The court granted defendant's motion to strike portions of plaintiff's damages expert's report addressing "the Nash bargaining solution." "The Nash bargaining solution is a mathematical model that purports to define the most mutually beneficial outcome of a two-party bargaining scenario. After identifying the profits each party could expect without a deal and the surplus created by their cooperation, the Nash model allocates the value of the deal in two steps: each party first receives the same profits it could expect without a deal, and then the remaining surplus is divided evenly between them. The Nash bargaining solution relies on 'a few general assumptions' that 'idealize the bargaining problem.' . . . [Plaintiff's expert] glossed over the axioms underlying the Nash solution without citing any evidence to show that those assumptions were warranted in the present case. . . . The Nash bargaining solution has never been approved by a judge to calculate reasonable royalties in litigation, at least in the face of objection. . . . The Nash bargaining solution would invite a miscarriage of justice by clothing a fifty-percent assumption in an impenetrable fa├žade of mathematics. . . . No expert testimony based on the Nash bargaining solution will be admitted."

Oracle America, Inc. v. Google Inc., 3-10-cv-03561 (CAND July 22, 2011, Order) (Alsup, J.)

Friday, July 22, 2011

Reservation of Right to Appeal Claim Construction Prompting Stipulated Judgment Does Not Create Substantial Controversy as to Declaratory

Judgment Counterclaims

The court granted plaintiff's motion to dismiss defendant's declaratory judgment counterclaims after the parties agreed to a judgment of noninfringement, reserving the right to appeal the court's claim construction. "[Defendant] suggests that [plaintiff's] avowed reservation of its right to appeal this court's claim construction, and the accompanying specter that the Federal Circuit or the Supreme Court could vacate the non-infringement judgment, is enough to make a 'definite and concrete' dispute over the [patent-in-suit]. To accept [defendant's] position, the court would have to find that its claim construction is likely erroneous, and, therefore, tacitly abandon that ruling. The court will not do so."

The Fox Group, Inc. v. Cree, Inc., et. al., 2-10-cv-00314 (VAED July 20, 2011, Order) (Smith, J.)

Thursday, July 21, 2011

Judge Ward's Announced Retirement "Shifts the Private and Public Interest Factors More in the Direction of Transferring Venue"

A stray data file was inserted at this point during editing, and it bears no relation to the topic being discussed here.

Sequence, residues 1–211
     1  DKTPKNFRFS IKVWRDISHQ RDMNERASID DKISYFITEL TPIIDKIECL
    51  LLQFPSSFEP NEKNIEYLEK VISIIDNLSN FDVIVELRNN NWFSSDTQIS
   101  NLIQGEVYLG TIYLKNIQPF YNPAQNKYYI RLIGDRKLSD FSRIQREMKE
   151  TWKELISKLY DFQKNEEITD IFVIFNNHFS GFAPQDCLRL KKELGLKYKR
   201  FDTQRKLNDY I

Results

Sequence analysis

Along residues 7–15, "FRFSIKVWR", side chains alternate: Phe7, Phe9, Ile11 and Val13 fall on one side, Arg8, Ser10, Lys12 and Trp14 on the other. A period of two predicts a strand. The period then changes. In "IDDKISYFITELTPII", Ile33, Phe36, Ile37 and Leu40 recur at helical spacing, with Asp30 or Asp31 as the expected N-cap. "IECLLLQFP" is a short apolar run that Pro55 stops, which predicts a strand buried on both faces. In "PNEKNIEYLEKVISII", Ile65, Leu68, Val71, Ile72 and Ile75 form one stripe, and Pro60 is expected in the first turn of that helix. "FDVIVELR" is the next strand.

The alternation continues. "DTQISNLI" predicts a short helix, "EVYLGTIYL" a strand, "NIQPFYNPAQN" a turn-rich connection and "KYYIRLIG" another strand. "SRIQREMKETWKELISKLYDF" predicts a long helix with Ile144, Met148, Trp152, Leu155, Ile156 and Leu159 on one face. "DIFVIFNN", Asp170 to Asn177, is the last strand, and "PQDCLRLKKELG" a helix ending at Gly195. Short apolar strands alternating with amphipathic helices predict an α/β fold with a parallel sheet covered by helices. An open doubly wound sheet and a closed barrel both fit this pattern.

Defendant's motion to transfer venue of plaintiff's infringement action was granted even though defendants waited 17 months to file their motion. "[T]hough not commendable, under the unique facts of this case, the Court holds that the delay is not sufficient for this Court to keep the case in the Eastern District of Texas. The timing of the undersigned's announcement of retirement is important in considering [defendant's] delay. . . . [Defendant] filed this motion to transfer venue three months after learning of the undersigned's retirement. . . . [T]he undersigned's announcement of retirement shifts the analysis of the private and public interest factors more in the direction of transferring venue, so it is reasonable that [defendant] may have decided to file the motion to transfer venue only after learning of the undersigned's retirement."

Rembrandt Vision Technologies LP v. Johnson & Johnson Vision Care, Inc., 2-09-cv-00200 (TXED July 19, 2011, Order) (Ward, J.)

Wednesday, July 20, 2011

False Marking Action Stayed Pending Legislative Action on America Invents Act

The court granted defendant's motion to stay plaintiff's qui tam false marking action "[i]n light of the possible passage of legislation." "On June 23, 2011, the House of Representatives passed H.R. 1249. The Senate passed its version of the legislation (S.23) on March 8, 2011. Both S.23 and H.R. 1249 amend the false marking statute. First, these bills permit only the United States standing to sue for the per article fine. Second, these bills permit only those who have suffered competitive injury as a result of false marking standing to sue for compensatory damages. One provision included in the House bill, but not the Senate legislation, is new subsection 292(c) which states that no civil or criminal liability will arise if one marks a product with an expired patent number, provided that the patent actually covered the product. This legislation would apply to all false marking cases pending on or after the date of enactment. In light of the possible passage of legislation, I grant Defendant’s motion to stay until further order of court."

Heathcote Holdings Corp., Inc. v. Suncast Corporation, 1-11-cv-01010 (ILND July 18, 2011, Order) (Zagel, J.)

Tuesday, July 19, 2011

"Rorschach-Image-Style Complaint" Fails to State a Claim for Infringement